Several major trends are negatively affecting Target's (NYSE:TGT) business. The following charts help to explain the risks for investors.
1. The relentless growth of e-commerce
Nothing has had a larger impact on Target's business in recent years than the staggering rise of e-commerce here in the United States.
From less than 1% of total retail sales in the early 2000s to nearly 8% today, online sales have grown exponentially over the past decade. And with the world becoming more connected every day, that's a trend that's likely to continue in the decade ahead.
2. The Amazon threat
Target has enjoyed some growth in its e-commerce operations, but its digital business accounts for only 3.5% of its total sales. The size and scale of Amazon.com's (NASDAQ:AMZN) online retail business simply dwarfs that of Target, with the two rivals' growth trajectories diverging by an enormous degree over the past decade.
Amazon's incredible ascent is a major threat to Target's business. The e-commerce juggernaut's unmatched selection of goods, low prices, and convenient shipping options combine to form a value proposition that Target has found difficult to match. And with Amazon likely to continue to outpace Target's growth in the years ahead, the online titan's scale advantages should continue to strengthen over time.
3. Falling margins
Amazon isn't the only threat to Target's business. Consumers' ability to use the Internet as a whole to comparison shop for the best deals further limits Target's pricing power, the effects of which can be seen in the decline in the retailer's gross margins over the past decade.
Operating margins have also fallen significantly, even as revenue has risen. For a business with relatively high fixed costs, we would expect positive operating leverage as revenue grows. The fact that Target's operating margin is down more than 20% during a time when sales rose by more than 20% is a worrisome sign.
Moreover, rising labor costs will likely continue to weigh on Target's operating profits. The company recently raised its minimum wage to $10 per hour to match an earlier wage hike by Wal-Mart Stores (NYSE:WMT) and remain competitive with other retail rivals.
That highlights one of Target's -- and all-brick-and-mortar retailers' -- major weakness: due to its massive store expenses, Target is at at a structural cost disadvantage to online retailers like Amazon. So Target can choose to match Amazon's prices and suffer lower margins, or raise prices and lose sales. Either way, Target loses.
4. Core business lines at risk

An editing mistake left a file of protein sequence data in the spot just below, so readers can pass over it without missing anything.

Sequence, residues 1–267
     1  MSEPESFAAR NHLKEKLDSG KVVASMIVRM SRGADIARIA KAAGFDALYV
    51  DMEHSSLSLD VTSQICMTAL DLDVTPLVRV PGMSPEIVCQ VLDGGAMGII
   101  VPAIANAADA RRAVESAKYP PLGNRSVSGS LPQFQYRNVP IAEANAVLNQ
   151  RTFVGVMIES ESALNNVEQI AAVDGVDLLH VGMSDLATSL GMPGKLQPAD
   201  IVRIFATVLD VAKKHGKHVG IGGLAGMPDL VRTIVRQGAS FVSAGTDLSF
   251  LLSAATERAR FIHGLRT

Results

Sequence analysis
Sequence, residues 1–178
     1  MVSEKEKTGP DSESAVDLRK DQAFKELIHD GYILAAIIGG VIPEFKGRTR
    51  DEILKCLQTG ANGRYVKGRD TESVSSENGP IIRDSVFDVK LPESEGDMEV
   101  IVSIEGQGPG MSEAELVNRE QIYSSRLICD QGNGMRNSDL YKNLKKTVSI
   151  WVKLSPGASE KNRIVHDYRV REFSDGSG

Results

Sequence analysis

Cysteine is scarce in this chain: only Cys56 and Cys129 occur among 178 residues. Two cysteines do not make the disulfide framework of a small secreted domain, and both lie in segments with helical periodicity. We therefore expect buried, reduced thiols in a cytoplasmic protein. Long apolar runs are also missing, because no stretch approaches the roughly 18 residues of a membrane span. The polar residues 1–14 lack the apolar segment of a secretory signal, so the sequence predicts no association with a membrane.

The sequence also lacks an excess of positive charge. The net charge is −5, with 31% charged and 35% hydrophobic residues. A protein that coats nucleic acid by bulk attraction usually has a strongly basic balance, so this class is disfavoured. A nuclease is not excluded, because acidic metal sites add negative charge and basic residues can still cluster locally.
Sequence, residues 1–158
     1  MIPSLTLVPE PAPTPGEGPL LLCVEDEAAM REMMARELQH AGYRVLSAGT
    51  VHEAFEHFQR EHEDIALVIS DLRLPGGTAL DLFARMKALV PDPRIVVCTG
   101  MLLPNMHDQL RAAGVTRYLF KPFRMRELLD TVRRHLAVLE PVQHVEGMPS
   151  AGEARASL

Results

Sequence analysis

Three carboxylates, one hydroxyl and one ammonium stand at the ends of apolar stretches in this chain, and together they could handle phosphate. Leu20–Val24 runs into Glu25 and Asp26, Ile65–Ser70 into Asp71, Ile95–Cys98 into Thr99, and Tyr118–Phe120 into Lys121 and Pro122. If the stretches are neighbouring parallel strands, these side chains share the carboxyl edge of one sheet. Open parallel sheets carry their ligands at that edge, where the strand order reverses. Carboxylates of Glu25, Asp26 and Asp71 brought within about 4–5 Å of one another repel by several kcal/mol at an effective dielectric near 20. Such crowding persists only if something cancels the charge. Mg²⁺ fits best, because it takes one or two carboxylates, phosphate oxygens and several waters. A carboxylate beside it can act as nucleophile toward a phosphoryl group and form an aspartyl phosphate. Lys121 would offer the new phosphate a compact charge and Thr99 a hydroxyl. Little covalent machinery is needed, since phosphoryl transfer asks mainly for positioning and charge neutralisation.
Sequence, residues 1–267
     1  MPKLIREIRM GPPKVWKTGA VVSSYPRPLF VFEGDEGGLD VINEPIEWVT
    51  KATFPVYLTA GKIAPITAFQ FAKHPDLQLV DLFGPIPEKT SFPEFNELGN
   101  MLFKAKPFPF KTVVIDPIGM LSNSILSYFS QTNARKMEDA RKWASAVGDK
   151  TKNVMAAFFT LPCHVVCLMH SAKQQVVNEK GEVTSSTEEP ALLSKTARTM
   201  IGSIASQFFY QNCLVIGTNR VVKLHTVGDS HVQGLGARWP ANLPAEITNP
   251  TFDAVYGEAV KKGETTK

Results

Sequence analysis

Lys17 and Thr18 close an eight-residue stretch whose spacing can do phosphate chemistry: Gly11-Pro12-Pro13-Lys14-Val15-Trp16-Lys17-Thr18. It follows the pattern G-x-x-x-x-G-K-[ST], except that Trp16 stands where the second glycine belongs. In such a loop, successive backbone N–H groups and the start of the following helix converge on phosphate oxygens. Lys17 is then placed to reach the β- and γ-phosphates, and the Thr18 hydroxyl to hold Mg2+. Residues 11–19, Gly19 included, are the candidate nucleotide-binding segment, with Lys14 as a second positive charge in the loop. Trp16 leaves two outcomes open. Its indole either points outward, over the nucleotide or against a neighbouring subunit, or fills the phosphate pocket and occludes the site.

One factor that's worked in Target's favor is that some of its major product lines have been largely immune to the e-commerce threat. Yet that may be about to change, with Amazon beginning to make a larger push into the world of fashion. That puts Target's apparel business -- which comprised nearly 20% of its sales in 2015 -- squarely in Amazon's crosshairs.
Amazon is rapidly taking share in the apparel market. In fact, research firm Cowen & Co. expects Amazon to surpass Macy's (NYSE:M) as the No. 1 U.S. clothing retailer by 2017.
Amazon's ascent has been staggering; just five years ago, the Internet retailer's apparel sales were 1/5 the size of Macy's. Since that time, Amazon has moved aggressively to court fashion brands and expand its clothing offerings. Cowen estimates that Amazon now offers a much larger selection of apparel, with Amazon selling 343,000 different branded apparel items, compared to 292,000 for Wal-Mart, 85,000 at Macy's, and 35,000 for Target.
Cowen also noted that the loyalty inspired by Amazon's Prime membership service and the convenience of its fast shipping options are further helping to send more shoppers to Amazon. The research firm found that 11% of Target's and Wal-Mart's apparel customers also shopped for clothing at Amazon during the first six months of 2015, a three percentage point increase from the prior year.
I expect those figures are even higher today. In its first-quarter earnings release, Target said it expects its comparable store sales to be down as much as 2% in the second quarter. The company chalked it up to "the recent slowdown in consumer trends," but I can't help thinking Amazon's new apparel assault is also having an impact here.
5. No mercy in mobile
And it's not just desktop shopping where Amazon dominates; the online behemoth is also rapidly establishing a formidable presence in mobile commerce.
A June 2015 survey by Mizuho Securities showed that when it comes to shopping on a smartphone, nearly half (45%) of smartphone users start with Amazon. That compared with 16% for Google, 6% for eBay, and only 2% and 1% for Wal-Mart and Target, respectively.
As these results demonstrate, Amazon is often the first -- and probably last -- place people shop on mobile devices. In a world that's growing increasingly mobile everyday, that's a dangerous trend for Target and other brick-and-mortar retailers.
These charts paint a bleak picture for Target's future. Major consumer shopping trends are moving against the retail giant in favor of Amazon and other online competitors. Those who are considering an investment in Target should be aware of these risks, and investors may be best served by staying clear of the struggling retailer's stock altogether.
Joe Tenebruso has no position in any stocks mentioned. The Motley Fool owns shares of and recommends Amazon.com and eBay. Try any of our Foolish newsletter services free for 30 days. We Fools may not all hold the same opinions, but we all believe that considering a diverse range of insights makes us better investors. The Motley Fool has a disclosure policy.